Forecasting server costs is inherently volatile. This is because server costs depend on the price of several resources, such as electricity and computation power, as well as demand. The price of these resources is constantly fluctuating and rarely follows a set pattern.
The first way to do server cost estimation is by looking at the upfront cost drivers. The upfront cost typically includes the hardware and software necessary to run the server. This will also include any licensing fees that may be necessary to use the software.
The second way to understand how much a server costs is by looking at ongoing costs. Ongoing costs are the cost of running the server, such as electricity, compute usage, and labor. These can also include software maintenance fees.
With AI, any of these metrics can be used to build accurate predictions for cost management with a machine learning model, giving you project management superpowers.
In the aviation industry, the cost to transport a passenger mile is a measure of multiple factors, including how much fuel an airline uses per passenger, the costs of airplane maintenance and fees, and more.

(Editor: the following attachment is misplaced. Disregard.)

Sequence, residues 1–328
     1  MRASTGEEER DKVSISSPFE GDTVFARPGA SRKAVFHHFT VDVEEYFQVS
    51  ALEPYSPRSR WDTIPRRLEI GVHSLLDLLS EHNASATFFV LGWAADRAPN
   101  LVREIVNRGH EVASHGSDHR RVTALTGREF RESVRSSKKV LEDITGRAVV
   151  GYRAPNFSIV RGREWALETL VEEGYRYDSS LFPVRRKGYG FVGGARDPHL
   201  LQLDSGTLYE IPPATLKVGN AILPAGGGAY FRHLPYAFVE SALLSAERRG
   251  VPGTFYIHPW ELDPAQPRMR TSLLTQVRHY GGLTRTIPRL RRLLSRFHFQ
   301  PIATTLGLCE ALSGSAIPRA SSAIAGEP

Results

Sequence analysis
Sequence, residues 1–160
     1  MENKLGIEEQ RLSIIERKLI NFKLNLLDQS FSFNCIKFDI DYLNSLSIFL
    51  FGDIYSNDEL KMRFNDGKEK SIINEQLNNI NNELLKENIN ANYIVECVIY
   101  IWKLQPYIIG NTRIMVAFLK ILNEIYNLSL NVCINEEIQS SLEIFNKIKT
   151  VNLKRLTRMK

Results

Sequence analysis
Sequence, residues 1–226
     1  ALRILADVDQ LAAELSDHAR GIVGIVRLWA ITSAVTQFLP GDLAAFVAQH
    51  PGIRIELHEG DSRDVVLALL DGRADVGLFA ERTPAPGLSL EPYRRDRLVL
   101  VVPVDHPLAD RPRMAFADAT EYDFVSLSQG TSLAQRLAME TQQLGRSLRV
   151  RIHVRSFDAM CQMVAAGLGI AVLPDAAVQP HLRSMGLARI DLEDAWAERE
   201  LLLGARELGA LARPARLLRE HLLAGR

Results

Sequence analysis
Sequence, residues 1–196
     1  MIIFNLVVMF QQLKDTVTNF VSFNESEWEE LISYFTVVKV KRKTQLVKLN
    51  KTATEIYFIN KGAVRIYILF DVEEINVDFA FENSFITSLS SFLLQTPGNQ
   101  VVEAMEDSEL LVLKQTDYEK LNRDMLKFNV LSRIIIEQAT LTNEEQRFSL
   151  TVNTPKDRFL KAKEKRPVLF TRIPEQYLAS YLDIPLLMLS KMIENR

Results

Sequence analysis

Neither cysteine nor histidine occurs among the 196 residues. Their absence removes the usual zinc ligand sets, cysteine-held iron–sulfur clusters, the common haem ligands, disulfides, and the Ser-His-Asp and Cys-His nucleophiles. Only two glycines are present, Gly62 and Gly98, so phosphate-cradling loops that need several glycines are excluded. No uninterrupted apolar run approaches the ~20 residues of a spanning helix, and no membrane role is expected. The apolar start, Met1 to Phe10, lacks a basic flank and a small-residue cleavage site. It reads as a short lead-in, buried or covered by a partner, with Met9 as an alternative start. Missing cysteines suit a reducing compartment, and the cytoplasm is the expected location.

This is an important metric because it reflects the airline's profitability and indirectly reflects the quality of service. For example, for an airline to remain profitable, it needs to keep its costs low. If an airline's cost per passenger mile is too high, it will not provide a quality experience and eventually go out of business.
Airlines need to consider the different types of costs they incur per passenger mile to maximize their cost savings, including transport-related costs (e.g., fuel), other operational expenses (e.g., landing fees), and marketing costs.
To do any of this, accurate cost modeling is key. Aviation is increasingly turning to AI models to do this work.
There are several factors to consider when it comes to cost modeling, from the complexity of your data to the resources you have available. In this guide, we’ve covered a number of these factors to help you understand how artificial intelligence can be a valuable tool for cost modeling and automation.
If you’re interested in building cost models, we encourage you to try Akkio. It’s a simple, affordable, and powerful no-code solution to building machine learning models that will help you model costs more effectively than ever before -- no code or data science team needed.